In most of our big cities, we treat homeless cats and dogs better than we treat homeless men and women. That is about to change in New York City: Mayor Eric Adams has instituted a new policy that allows homeless humans to catch up with homeless animals.
It is estimated there are 3,400 homeless people living in streets, subways, trains, and train stations. Most of these people suffer from one mental illness or another, and up until now, they could not be removed to a shelter involuntarily unless they were a danger to themselves or others.
The new policy allows the police and emergency medical workers to have people removed to hospitals involuntarily if they are unable to care for themselves, even if they are not a public threat. The policy says that “unawareness or delusional misapprehension of surroundings” or “delusional misapprehension of physical condition or health” is now grounds for hospitalization.
One of the prime reasons for the change in policy is the surge in violent crime in New York, much of it attributed to mentally ill persons wandering the city.
Predictably, the New York Civil Liberties Union argues that the mentally ill who sleep on the sidewalk are exercising their civil liberties, and when they are involuntarily removed, their rights are being devastated. Thus do they make the case that humans should be treated inferior to cats and dogs.
According to Section 373 of New York State Law, any police officer or officials associated with organizations instituted to prevent cruelty to animals, “may lawfully take possession of any lost, strayed, homeless or abandoned animal found in any street, road or other public place” (my italics).
Regarding places other than these, such persons may remove any animal “which for more than twelve successive hours has been confined or kept in a crowded or unhealthy condition or in unhealthy or unsanitary surroundings or not properly cared for or without necessary sustenance, food or drink,” provided the complaint follows legal procedures.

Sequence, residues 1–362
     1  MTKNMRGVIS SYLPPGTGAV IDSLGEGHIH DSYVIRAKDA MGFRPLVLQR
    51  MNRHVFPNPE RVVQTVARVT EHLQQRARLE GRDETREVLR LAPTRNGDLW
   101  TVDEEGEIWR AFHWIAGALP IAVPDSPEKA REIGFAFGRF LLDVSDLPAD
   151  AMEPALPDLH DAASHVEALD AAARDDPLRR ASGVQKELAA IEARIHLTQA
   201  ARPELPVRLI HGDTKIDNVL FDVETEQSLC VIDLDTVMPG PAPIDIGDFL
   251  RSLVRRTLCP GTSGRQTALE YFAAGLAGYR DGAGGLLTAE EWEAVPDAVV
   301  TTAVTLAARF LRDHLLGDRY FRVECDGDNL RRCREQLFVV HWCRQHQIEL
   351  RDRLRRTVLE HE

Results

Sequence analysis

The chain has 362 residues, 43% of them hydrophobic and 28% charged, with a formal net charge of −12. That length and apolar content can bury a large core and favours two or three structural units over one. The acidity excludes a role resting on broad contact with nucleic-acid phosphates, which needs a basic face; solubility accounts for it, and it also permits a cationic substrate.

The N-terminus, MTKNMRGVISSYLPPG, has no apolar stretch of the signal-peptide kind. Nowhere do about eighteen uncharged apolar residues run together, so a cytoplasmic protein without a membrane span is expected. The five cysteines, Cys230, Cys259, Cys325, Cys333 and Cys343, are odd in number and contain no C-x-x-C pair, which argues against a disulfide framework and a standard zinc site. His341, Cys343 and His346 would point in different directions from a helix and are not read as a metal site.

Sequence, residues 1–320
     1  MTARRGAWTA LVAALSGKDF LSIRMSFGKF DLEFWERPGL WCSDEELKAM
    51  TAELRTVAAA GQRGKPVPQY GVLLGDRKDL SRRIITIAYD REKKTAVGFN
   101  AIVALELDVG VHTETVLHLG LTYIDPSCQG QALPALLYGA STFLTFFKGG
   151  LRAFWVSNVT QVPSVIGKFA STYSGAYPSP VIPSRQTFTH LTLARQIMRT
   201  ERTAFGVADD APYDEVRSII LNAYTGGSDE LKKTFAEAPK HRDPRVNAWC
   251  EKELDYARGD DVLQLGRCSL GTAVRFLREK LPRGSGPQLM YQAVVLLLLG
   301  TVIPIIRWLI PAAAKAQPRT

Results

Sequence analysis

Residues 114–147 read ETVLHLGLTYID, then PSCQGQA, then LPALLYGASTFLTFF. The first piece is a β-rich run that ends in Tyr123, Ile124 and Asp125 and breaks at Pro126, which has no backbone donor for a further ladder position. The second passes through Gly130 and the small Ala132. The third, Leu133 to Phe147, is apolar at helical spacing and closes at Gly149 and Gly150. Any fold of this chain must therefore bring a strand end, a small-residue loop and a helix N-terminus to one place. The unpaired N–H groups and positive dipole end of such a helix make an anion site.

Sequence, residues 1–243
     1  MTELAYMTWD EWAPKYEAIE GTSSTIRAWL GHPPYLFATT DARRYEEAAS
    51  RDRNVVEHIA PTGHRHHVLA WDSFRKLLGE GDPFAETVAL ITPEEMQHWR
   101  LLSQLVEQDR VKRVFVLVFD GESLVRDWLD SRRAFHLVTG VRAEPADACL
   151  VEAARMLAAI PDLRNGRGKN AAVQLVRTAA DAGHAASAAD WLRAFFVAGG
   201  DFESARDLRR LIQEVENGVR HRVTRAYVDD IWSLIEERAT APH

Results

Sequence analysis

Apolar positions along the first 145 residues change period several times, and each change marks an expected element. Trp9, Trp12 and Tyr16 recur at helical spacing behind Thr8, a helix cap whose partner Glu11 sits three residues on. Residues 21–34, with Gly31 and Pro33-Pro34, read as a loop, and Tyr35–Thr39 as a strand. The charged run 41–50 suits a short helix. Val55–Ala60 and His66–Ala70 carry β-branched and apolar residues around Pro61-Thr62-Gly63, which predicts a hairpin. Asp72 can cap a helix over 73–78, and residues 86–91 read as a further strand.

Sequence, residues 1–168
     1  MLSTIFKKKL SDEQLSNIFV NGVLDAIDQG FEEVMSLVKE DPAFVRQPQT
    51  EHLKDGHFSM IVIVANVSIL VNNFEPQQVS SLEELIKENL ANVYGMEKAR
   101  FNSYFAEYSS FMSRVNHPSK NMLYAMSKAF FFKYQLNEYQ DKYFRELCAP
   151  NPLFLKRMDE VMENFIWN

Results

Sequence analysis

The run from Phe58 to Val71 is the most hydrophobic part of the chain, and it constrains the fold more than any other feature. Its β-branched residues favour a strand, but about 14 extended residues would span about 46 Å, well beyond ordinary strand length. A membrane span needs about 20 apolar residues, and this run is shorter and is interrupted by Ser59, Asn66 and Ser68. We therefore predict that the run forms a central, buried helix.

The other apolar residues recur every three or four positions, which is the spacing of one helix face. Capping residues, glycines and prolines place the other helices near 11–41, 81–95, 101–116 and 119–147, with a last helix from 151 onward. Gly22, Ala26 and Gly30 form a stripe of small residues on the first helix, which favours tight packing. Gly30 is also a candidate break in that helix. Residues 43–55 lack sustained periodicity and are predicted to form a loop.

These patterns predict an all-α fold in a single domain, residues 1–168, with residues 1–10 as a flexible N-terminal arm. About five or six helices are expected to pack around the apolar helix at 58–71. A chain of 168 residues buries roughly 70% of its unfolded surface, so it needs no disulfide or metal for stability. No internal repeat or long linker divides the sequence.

Had we used this same common sense policy for homeless men and women all along, much hardship and crime could have been avoided.
Mayor Adams’ new directive is quintessentially Christian in nature. He is not rounding up the mentally ill homeless and throwing them into some kind of dungeon. On the contrary, he is treating them with the care and respect they deserve, but are incapable or providing for themselves.
Arthur Caplan, professor of bioethics at New York University’s Grossman School of Medicine, is correct to note that Adams’ policy “is replacing an immoral and scandalous indifference to severe chronic illness with a humane and moral approach.”
Rights must always be tailored to responsibilities. When those who are mentally challenged cannot exercise responsibility for themselves, it is cruel to pretend they are experiencing freedom by living in squalor. Freedom was meant to be enjoyed, not endured.
Kudos to Mayor Adams. Let him know you support this policy.
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